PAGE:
Review – BloodRayne Betrayal: Fresh Bites
I am starting to like the concept behind publisher Ziggurat Games’ vision. Their whole schtick is to revive long forgotten franchises from twenty, thirty, or even forty years ago by remastering and re-releasing them to modern platforms. One of the most notable titles in their portfolio at the moment is BloodRayne, an edgelord-as-hell action franchise that spawned a handful of games and even a terrible Uwe Boll movie back in the day. It also spawned a 2D side-scrolling spinoff called BloodRayne Betrayal in 2011, one that just got remastered by WayForward, and re-released to modern systems as BloodRayne Betrayal: Fresh Bites.
I had never played BloodRayne Betrayal back when it first came out. I vividly remember it being panned by critics, so I decided to avoid it at launch, even though dumb schlock action is my bread and butter. Still, I was still confused and curious as to why it was so disliked. WayForward, even at their worst, are still capable of delivering a mediocre-at-best platformer with some of the company’s trademark characteristics, namely good level design and excellent music by Jake Kaufman. BloodRayne Betrayal: Fresh Bites features that, and more. Honestly, I actually enjoyed this game a lot. Now I’m wondering if the original was just misunderstood or if WayForward fixed whatever kind of problem the game had back in the day.
BloodRayne Betrayal: Fresh Bites is a 2D action platformer. Its source of inspiration is pretty damn obvious: it wants to be old-school Castlevania. It’s a traditional level-based action platformer, filled to the brim with enemies, occasional jumping challenges, and a ton of traps meant to give you hell and learn from your mistakes. The main differences being that your main weapon has a smaller reach (you do have a sidearm, though), you can hop onto enemies’ heads for some freaking reason, and, well, you’re a vampire. Wanna recover some health? Suck blood out of your victims. Oh, and make sure to avoid streams of light or else you’ll be cooked alive.
I really liked the combat. It’s fast-paced and visceral. Even though it’s mostly centered on mashing the X button like there’s no tomorrow, you can do a bit of air juggling by throwing enemies in the air, as well as use some of the objects scattered on the environment to cause some extra damage, like barrels and explosives. Performing stylish combos akin to Devil May Cry is important in order to increase your overall score and give you a better rank at the end of each level. BloodRayne Betrayal: Fresh Bites isn’t afraid of calling you a worm and giving you an F even though you think you’ve done a good job.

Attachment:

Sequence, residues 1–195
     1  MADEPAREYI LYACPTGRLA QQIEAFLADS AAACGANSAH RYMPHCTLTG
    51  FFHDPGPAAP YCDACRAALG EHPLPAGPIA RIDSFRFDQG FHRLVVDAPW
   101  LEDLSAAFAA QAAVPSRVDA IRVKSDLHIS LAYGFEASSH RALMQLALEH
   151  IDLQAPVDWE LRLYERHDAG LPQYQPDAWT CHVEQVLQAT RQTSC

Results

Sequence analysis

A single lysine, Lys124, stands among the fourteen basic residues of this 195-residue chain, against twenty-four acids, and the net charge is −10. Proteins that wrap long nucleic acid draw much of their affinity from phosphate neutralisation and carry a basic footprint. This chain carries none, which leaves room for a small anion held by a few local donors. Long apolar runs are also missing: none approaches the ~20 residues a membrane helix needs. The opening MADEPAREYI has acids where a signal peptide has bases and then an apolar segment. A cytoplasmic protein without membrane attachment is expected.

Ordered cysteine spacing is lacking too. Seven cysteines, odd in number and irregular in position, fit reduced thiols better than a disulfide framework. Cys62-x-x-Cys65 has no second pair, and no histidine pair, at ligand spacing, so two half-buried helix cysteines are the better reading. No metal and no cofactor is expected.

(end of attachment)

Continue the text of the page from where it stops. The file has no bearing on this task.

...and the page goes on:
Now, not everything in this gameplay loop is perfect. The problem lies in the platforming, most specifically the way you have to handle jumping to higher ledges. The titular Rayne cannot perform a double jump. In order to reach higher platforms, you basically need to perform the same button combination from Super Mario 64‘s backward somersault. Even though you can get used to this weird mechanic, I still don’t understand why it was implemented to begin with. It looks really stylish when you pull it off, though.
However, what I liked the most about BloodRayne Betrayal: Fresh Bites was its presentation. Not only does the game feature a superbly well-animated comic book art style (even though the usage of Comic Sans is iffy at best), but it sounds great. It features a hard rocking soundtrack that is easily identifiable with video game composing extraordinaire Jake Kaufman, as well as some excellent voice acting, featuring the likes of Laura Bailey and Troy Baker, to name a few.
Am I missing something? I have always been told that BloodRayne Betrayal was a really bad game, one of the worst titles made by WayForward. But I’ll be honest with you, despite being a bit janky and a bit unfair at times, I really enjoyed it. Either this is a case of a underrated gem or the remaster fixed a ton of the original game’s issues. Whatever the case, BloodRayne Betrayal: Fresh Bites might suffer from some occasionally questionable gameplay choices, but it’s a great little platformer that’s perfect for fans of old school Castlevania.
Even if some character designs are a bit simplistic, the look features an excellent comic book art style with superb animations. The usage of Comic Sans, though… oof.
The controls are a bit unresponsive at times, and the platforming is confusing, to say the least. With that being said, I really enjoyed the combat and the game’s overall combo system. It’s janky, but competent.
Not only does the game feature an excellent Jake Kaufman-penned soundtrack, but its voice acting is way better than I was expecting, with some high profile names in its cast.
Fun Factor: 7.0
BloodRayne Betrayal: Fresh Bites is very flawed, but I thought it was a pretty robust action platformer with an excellent presentation and occasionally interesting gameplay choices. It’s also a lot less punishing than I initially expected, considering the bad reputation garnered by the original 2011 release.
Final Verdict: 7.5
BloodRayne Betrayal: Fresh Bites is available now on PS4, Xbox One, PC, and Switch. The original version is available on PS3 and Xbox 360.
Reviewed on PC.
A copy of BloodRayne Betrayal: Fresh Bites was provided by the publisher.